Long Running Processes & Threads

After I progressed in my career and did more team-leading and architecture type roles I was ‘educated’ on what it meant to have Asynchronous and Long-Running processes as part of your Enterprise Application architecture.  If I had a synchronous process then I needed a thread available to service the request and then provide the response.  That meant if I had 1,000 requests come in and only 50 available threads then some of the service consumers would just have to wait.  And, what if we only had a database connection pool that was limited to 25 connections?  At that point we have 950 requests waiting for a thread and 25 waiting for a database connection.  Again, in my naiveté I asked: So what?  Make it bigger!

It was at that point that I began to learn the relationship of Threads, JVM Heap and CPU.  If you needed lots of threads, then you needed the Heap and CPU power to support them (Me: Yeah, and…?).  These are not cheap.  You can’t just add another server in the datacenter when you want, plus, what happens if we have a really big spike in load?  How could we support it?  Servers can get hot and heavy, but they don’t produce offspring…

Everything I Built was Stateful (almost)

At this point, I was told that I should make as many of my processes Asynchronous, and only make them Synchronous when I really needed to (Me: Yawn… sure, I can do that).  It wasn’t until I was involved in load testing that I figured it out.  If we sent in 1,000 requests for a process at a time, we could then see how they flowed through the system.  We had a certain number of threads receiving requests and then a separate set of threads that processed the requests.  We could then tune the number of consumers or simultaneous process instances to reach a reasonable CPU utilization, and we could also match the number of database connections to the number of threads in the thread pool such that they never waited for a connection.  It was at that point that SOA and the role of an Enterprise Architect started to make sense.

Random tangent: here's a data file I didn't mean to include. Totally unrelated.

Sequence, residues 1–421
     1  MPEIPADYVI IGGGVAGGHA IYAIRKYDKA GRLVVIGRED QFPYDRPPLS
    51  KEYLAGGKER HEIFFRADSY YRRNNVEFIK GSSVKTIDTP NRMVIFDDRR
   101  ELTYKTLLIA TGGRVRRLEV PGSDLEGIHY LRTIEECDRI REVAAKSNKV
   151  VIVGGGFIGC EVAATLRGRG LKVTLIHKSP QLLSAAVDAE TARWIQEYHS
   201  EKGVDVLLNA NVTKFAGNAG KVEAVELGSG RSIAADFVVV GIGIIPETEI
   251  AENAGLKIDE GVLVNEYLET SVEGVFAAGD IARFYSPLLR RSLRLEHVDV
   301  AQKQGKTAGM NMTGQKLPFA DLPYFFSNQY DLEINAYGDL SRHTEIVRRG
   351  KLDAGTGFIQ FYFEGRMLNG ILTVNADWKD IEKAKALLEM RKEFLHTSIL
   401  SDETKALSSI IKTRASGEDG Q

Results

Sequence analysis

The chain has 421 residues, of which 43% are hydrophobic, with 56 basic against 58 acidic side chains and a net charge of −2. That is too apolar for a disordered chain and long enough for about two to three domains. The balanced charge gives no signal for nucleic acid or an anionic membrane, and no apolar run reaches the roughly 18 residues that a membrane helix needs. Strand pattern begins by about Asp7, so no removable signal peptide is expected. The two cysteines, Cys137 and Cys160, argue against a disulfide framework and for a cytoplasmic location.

Stateful and Stateless Together

I was working at an MVNO (like Virgin Mobile) where the WLI application was responsible or integrating with a service provider to provision new mobile phone subscribers.  There were two steps: 1) reserve a telephone number and 2) activate the account (this is the part where Sprint, AT&T or whoever tells you that it may take 4 hours to activate your service).  Step 1 was fast – 1-2 seconds and step 2 took several minutes.  Part of it had to be synchronous because the salesperson at the register needed to program the telephone with the lock code for that specific phone, the Mobile Device Number (MDN, or phone number) and the Mobile Identification Number(MIN).  The faster that we could make that part the happier the customer and salesperson were and the more customers we could process.

We started out with the whole process being synchronous, and when we did load testing it was clear that this just wouldn’t work.  To complicate matters, we could only have five simultaneous active connections to our service provider that we had to use to reserve and activate accounts, so a peak-load scenario would crush our system.  We ended up splitting the provisioning into two parts – step 1 was synchronous, stateless and fast (customer was waiting at the register) and step 2 was stateful (customer was driving home).  We could then reserve 2-3 connections for the requirements of our synchronous step and only have 1-2 for the asynchronous part.  Not only that, we could develop algorithms that changed the balance depending on the load of each type.  It was pretty slick.

This is not REST

No, its not.  This is the context for my opinion on REST and its place in Enterprise Applications Winking smile.

Looking around on the internets there are plenty of opinions on REST and how SOAP is dead, so is SOA, REST is going to replace SOAP and so-on, and so-forth.  For the record: SOAP is not dead, and REST is not the answer.  SOAP is not going away any time soon, and at this point REST does not offer what SOAP does, nor should it.